Tom Temin: And we could throw Antifa in there also, I suppose.

Paul Rosenzweig: I suppose that’s true. Yes, certainly, the Portland events suggests some need for that, though, there was less reluctance, I think, to add resources to that part of the domestic mission in the last administration. But yes, I think that’s fair.

Tom Temin: So then the challenge is to go after groups that do pose a actual danger, but not yet devolve into a mirror image of the FBI under J. Edgar Hoover, where it wasn’t aligned with Republican types of groups, are closely adjacent I should say,. In those days it was aligned with or closely adjacent to the Democratic Party. You really don’t want it going either way, then that seems to be their main challenge.

Paul Rosenzweig: I think that that’s going to be an immense challenge. We’ve learned a lot in the last 20 years about how to combat terrorism. We look at communications amongst terrorist group members, we look at their finances, we look at their travel, all of these are lessons that we are applying globally against Al-Qaeda and ISIS and all of the various offshoots. If you translate that sort of investigative activity to the domestic space, it’s pretty easy to see how some of the tools and some of the activities would run the risk of trenching upon protected speech and the rights of American citizens. And we have had an inconsistent experience, I think that’s fair to say, with the success of our ability to conduct audit and oversight of our intelligence and law enforcement communities in ways that allow them to address the real threats of violence from terrorist groups or domestic violent groups, while at the same time not wandering into the political sphere. You mentioned Hoover and the FBI. Obviously, there’s the famous Church Commission reports on CIA activities. And we built an entire oversight system in the aftermath of those in the 1970s. And I think one of the lessons that we’ve learned in the last five or seven years is that that oversight system of congressional review, in particular, has sort of atrophied that where we thought that legislative branches would act as a check on executive branches, we have come to see that the legislative branch of the same party as a president is perhaps a little more reluctant than it might be to examine the conduct of its own parties president. And likewise, we’ve seen the diminution of the authority of inspectors general who were fired left and right in the last few years. So it’s a real challenge to find the right balance and both empower law enforcement and DHS to examine domestic activity that we want them to examine because it’s dangerous, like the January 6 riots and insurrection at the Capitol, while refraining from using those same powers to tamp down on simple political dissent or opposition. It’s not readily answerable, there’s no bright line rule, you got to do the best you can with it.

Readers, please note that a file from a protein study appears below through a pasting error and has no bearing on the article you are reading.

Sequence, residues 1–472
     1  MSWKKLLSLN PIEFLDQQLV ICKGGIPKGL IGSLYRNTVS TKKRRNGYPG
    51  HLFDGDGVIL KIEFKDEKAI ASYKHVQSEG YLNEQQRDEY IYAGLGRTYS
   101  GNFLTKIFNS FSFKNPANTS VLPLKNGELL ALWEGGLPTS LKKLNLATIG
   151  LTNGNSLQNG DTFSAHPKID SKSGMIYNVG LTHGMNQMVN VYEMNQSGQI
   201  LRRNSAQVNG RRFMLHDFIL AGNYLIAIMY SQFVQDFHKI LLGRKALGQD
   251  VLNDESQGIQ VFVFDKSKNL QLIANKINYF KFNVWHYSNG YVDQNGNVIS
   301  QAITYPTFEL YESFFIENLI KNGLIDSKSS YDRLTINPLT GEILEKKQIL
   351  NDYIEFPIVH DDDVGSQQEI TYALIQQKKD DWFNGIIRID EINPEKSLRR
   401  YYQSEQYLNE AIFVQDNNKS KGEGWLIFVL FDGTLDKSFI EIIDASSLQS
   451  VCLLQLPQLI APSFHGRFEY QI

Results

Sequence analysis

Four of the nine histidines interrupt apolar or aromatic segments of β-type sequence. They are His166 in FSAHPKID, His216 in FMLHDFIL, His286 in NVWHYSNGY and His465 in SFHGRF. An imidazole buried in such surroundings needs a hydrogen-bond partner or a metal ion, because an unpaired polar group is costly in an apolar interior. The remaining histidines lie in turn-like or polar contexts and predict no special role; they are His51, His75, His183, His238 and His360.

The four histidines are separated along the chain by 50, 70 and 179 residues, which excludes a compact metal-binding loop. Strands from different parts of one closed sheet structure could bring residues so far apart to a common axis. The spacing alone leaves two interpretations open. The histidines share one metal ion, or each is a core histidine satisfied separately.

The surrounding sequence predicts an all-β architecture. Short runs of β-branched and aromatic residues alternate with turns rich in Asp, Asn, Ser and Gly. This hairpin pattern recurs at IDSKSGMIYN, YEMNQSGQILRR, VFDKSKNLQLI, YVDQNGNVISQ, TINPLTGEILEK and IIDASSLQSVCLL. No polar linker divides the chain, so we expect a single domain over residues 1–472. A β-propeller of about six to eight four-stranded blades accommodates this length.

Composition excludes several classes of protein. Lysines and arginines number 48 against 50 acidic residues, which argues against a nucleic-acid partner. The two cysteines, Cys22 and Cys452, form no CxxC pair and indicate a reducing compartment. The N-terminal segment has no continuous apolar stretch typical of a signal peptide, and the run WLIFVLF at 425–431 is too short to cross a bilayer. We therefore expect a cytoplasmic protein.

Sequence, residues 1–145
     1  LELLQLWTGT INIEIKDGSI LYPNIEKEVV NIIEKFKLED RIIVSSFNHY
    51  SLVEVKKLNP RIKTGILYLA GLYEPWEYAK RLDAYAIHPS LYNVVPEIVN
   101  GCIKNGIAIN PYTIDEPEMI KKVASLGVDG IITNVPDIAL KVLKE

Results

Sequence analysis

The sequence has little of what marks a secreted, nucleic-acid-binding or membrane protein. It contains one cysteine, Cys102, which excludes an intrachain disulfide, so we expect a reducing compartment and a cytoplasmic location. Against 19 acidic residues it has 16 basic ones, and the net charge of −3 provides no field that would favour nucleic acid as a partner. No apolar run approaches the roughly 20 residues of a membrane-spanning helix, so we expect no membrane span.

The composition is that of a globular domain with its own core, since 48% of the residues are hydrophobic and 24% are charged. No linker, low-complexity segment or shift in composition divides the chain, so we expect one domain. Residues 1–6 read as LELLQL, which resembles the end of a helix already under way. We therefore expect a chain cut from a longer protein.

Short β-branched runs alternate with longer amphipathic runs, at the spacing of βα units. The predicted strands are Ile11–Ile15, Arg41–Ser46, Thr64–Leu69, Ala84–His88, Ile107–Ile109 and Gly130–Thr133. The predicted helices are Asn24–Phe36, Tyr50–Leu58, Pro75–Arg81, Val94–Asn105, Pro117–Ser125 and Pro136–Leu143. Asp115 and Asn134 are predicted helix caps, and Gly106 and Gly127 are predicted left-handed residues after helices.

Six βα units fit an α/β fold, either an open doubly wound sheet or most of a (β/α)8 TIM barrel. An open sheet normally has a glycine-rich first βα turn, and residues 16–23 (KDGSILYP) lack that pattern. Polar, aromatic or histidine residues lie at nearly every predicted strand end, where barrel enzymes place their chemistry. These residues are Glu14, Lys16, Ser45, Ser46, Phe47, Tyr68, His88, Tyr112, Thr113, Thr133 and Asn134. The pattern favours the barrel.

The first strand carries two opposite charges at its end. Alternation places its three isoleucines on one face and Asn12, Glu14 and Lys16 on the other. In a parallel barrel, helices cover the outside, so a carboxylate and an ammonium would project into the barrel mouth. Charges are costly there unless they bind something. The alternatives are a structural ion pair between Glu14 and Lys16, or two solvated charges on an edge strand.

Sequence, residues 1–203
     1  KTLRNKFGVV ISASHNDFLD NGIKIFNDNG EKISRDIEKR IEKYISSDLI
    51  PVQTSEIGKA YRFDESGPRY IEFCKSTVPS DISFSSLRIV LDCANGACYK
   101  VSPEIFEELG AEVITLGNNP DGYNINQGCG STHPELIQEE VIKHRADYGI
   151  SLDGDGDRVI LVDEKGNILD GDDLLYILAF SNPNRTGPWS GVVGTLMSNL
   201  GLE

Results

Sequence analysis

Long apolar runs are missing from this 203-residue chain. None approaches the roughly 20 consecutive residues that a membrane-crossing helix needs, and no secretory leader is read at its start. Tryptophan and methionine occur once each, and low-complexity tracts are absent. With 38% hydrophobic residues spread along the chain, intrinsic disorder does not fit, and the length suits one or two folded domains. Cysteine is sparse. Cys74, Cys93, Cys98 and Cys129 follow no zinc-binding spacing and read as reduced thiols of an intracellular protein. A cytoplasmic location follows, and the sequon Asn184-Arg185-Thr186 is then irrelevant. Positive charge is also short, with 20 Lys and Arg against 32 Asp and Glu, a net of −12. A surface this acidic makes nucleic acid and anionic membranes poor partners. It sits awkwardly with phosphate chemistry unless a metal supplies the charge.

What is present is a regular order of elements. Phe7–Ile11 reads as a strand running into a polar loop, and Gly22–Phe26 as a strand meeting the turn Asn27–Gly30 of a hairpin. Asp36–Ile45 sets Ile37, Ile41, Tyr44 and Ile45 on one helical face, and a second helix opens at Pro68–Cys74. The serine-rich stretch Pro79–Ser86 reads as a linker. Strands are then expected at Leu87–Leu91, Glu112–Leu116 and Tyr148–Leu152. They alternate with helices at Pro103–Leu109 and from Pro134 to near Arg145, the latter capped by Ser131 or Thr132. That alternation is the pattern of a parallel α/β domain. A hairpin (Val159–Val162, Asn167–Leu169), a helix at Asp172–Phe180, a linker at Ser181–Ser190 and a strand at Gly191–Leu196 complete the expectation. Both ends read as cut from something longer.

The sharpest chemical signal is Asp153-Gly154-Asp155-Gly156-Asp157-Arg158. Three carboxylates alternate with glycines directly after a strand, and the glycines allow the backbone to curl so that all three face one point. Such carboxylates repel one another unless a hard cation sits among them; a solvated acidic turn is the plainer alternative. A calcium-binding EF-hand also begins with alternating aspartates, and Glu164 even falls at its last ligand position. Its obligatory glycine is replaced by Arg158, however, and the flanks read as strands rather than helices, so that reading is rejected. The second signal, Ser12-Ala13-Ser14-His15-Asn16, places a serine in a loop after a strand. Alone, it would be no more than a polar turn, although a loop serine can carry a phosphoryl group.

Tom Temin: Right. And as we learned in that Church era, I remember those hearings, actually, is that with good oversight that is refreshed and exercised regularly, law enforcement actually functions better when it’s in a complex of oversight and rules based activity than when kind of ignored and left alone.

Paul Rosenzweig: I think that’s absolutely right. Most good law enforcement officers most good intelligence analyst would tell you that they actually value clarity about rules, what they hate most is ambiguity, right. Not knowing whether or not what they’re doing is okay. Because when that happens, they stay far back from the edge because their incentives are, frankly, mostly bureaucratic, mostly derived from administrative restrictions and things like that. So they want clear rules that empower them to act when they should, and that tell them what not to do when they shouldn’t. And we’ve kind of gotten away from that a lot. And especially in the congressional oversight sphere, we have conducted much less oversight than we would like, or I think we would like as a society. And I say that with respect to both parties and both flavors of president.